Southern Peru Copper Corporation
Mina Cuajone, Peru

Southern Peru Cuajone Copper Mine - EPC

The Cuajone mine, located in the rugged Peruvian Andes at 12,000 feet, was the largest single copper mine and smelter complex ever built.

Fluor provided detailed engineering, procurement and construction management services along with training for 7,000 peak local workers.

Client's Challenge

Cuajone mine complex was developed by Southern Peru Copper Corporation and covers a considerable surface topography. The 1,600-square-mile mining triangle begins with a water supply at Lake Suche at 14,500 feet in the Andes and ends with a smelter on the South Pacific coast.

The lure of this 12,000-foot high desert site is a 470-million ton deposit of sulfide copper ore. The ore body is buried by a billion tons of rock overburden. One fourth of the rock needed to be removed before mining could begin.

The remote and expansive desert site, where no roads, housing, communications, or utilities existed, required all the infrastructure and industry to be constructed. The superstructure included the mining operation, crushers, grinding circuits, flotation, tailings thickeners, smelters, and power plants.

Cuajone ore travels by rail six miles to the concentrator at Botiflaca, at 11,000 feet. There, the one-percent copper ore is processed to 30 percent product at the 45,000 tons per day concentrator. Next, the ore product travels 135 miles to the expanded smelter at Ilo to be converted to blister copper for export.

Fluor's Solution

Cuajone, at the time of development, was the largest base metal mining project ever built by a single contractor.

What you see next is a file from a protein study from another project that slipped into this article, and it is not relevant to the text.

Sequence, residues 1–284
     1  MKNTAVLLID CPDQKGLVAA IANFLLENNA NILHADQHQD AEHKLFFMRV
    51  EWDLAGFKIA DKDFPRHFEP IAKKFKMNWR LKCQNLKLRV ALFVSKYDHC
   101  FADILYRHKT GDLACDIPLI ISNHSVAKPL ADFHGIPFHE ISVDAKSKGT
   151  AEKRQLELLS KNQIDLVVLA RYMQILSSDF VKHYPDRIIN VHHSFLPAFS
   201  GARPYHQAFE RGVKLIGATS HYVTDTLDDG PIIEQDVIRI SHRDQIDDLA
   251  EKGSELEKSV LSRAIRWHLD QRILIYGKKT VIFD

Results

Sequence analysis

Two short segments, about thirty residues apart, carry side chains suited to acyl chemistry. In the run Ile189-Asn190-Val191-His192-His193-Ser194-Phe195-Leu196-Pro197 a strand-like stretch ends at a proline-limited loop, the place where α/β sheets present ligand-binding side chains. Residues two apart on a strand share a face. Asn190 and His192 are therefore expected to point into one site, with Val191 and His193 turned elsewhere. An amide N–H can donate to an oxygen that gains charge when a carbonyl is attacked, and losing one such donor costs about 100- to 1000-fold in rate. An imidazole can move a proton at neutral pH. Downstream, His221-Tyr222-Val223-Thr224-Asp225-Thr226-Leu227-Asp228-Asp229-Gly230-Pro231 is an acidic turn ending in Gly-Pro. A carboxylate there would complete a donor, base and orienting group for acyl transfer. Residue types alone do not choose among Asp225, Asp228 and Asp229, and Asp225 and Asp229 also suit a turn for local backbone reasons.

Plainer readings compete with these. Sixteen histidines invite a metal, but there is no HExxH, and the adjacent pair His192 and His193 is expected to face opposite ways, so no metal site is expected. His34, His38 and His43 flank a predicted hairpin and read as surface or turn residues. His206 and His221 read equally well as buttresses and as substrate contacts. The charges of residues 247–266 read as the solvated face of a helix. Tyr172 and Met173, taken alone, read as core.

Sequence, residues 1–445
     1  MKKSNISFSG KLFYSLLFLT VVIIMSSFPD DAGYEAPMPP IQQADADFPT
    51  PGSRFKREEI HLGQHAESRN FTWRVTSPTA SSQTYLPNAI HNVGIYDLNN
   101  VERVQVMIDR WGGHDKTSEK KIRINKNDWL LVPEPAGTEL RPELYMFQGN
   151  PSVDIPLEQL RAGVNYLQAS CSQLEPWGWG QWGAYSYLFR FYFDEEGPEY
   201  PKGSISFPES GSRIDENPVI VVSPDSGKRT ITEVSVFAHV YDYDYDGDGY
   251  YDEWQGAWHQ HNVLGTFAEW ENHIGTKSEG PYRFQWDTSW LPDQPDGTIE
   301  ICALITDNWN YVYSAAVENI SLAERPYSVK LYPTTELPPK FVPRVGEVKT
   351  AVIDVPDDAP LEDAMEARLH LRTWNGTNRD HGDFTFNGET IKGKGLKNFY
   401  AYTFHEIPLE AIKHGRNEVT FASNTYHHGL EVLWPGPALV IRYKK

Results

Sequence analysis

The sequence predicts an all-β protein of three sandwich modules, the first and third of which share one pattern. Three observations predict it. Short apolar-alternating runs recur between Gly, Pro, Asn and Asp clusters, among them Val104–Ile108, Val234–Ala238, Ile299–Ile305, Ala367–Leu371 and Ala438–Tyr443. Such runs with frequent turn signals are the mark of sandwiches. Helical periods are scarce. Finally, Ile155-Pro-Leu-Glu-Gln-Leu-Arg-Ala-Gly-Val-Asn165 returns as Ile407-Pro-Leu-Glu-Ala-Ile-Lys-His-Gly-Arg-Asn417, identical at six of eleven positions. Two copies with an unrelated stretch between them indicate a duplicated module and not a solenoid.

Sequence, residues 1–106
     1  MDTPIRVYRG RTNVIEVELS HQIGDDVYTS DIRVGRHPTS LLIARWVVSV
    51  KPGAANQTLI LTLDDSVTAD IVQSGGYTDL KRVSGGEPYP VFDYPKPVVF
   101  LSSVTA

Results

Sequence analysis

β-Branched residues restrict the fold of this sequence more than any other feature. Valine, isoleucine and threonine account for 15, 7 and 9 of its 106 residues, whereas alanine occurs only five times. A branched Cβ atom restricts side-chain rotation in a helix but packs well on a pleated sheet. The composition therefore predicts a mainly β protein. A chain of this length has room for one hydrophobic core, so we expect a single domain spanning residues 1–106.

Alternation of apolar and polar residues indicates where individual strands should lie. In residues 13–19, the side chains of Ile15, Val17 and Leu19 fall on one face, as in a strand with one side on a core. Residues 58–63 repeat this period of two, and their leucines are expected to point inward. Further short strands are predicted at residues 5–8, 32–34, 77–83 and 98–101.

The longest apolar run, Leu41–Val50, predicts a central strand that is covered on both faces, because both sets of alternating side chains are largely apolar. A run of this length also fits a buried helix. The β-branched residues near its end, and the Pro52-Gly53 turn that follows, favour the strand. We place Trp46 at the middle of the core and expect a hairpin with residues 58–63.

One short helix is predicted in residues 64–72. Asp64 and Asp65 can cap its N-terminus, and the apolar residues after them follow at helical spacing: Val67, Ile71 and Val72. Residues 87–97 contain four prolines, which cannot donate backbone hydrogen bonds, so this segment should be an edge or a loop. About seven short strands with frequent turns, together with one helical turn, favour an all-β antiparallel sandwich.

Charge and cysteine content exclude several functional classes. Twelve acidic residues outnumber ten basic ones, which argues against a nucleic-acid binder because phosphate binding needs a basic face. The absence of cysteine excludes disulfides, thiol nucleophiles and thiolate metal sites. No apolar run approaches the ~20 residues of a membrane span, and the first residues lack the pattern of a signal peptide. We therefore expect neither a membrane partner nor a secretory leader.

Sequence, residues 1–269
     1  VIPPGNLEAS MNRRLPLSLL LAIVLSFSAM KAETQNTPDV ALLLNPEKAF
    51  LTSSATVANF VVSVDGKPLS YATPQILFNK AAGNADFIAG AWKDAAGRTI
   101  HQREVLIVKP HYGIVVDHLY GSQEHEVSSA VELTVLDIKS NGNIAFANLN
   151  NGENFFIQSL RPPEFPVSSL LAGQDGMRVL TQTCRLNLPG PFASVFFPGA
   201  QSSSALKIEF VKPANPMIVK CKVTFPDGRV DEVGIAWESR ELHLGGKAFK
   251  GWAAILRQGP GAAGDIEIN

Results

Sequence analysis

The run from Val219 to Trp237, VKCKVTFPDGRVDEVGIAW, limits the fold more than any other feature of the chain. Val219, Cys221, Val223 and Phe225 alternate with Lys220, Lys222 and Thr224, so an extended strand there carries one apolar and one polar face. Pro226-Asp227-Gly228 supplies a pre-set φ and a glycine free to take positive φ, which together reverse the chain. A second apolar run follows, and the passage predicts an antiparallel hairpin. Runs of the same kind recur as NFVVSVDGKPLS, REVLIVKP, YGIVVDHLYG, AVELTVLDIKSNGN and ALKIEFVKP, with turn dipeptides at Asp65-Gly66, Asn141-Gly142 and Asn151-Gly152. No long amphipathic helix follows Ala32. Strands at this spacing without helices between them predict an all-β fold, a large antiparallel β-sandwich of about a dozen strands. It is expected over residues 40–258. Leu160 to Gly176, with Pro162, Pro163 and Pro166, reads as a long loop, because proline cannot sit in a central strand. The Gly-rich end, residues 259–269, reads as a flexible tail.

Fluor was responsible for the engineering, procurement and construction management of the project. Fluor also provided feasibility studies, the basic mine plan, removal of over 250 million tons of overburden and initiation of the mine operation.

The infrastructure accounted for 50 percent of the total cost. Fluor built 62 miles of new railroad track, including 17 miles of tunnels. Of the five tunnels hewn, one is 9.15 miles long, the 4th longest in the world. Over 90 miles of new roads and expanded town communities in Cuajone, Botiflaca, and Ilo were created for new permanent housing, utilities, hospitals, schools, fire stations, and support services.

Power generation and transmission are vitally important to this remote site. Two hydro stations at the base of Lake Suche and the Ilo thermal power plant new 66-megawatt steam turbine generator provide electricity to a 138,000 volt closed loop transmission system. Waste heat is used for turbine generation and to flash evaporate seawater desalination plants for potable Ilo water supply.

To complete this huge complex on schedule, Fluor provided specialized training to more than 4,500 local workers.



Today, Cuajone mine produces 200,000 TPY of copper.

It is one of the largest base metal mine complexes in the world.

The site operation starts at Lake Suche 14,500 feet in the Andes and concludes at the Ilo smelter on the Pacific Coast over 140 miles away. The open-pit mine itself is 6,500 feet wide and more than 2,500 feet deep. The expanded smelter serves both the Cuajone and the nearby Toquepala mines.

Cuajone's ambitious development in an extremely remote, rugged, and high-altitude environment presented epic challenges.

Fluor provided infrastructure, power, metallurgical and logistical solutions to deliver this world-class mining complex.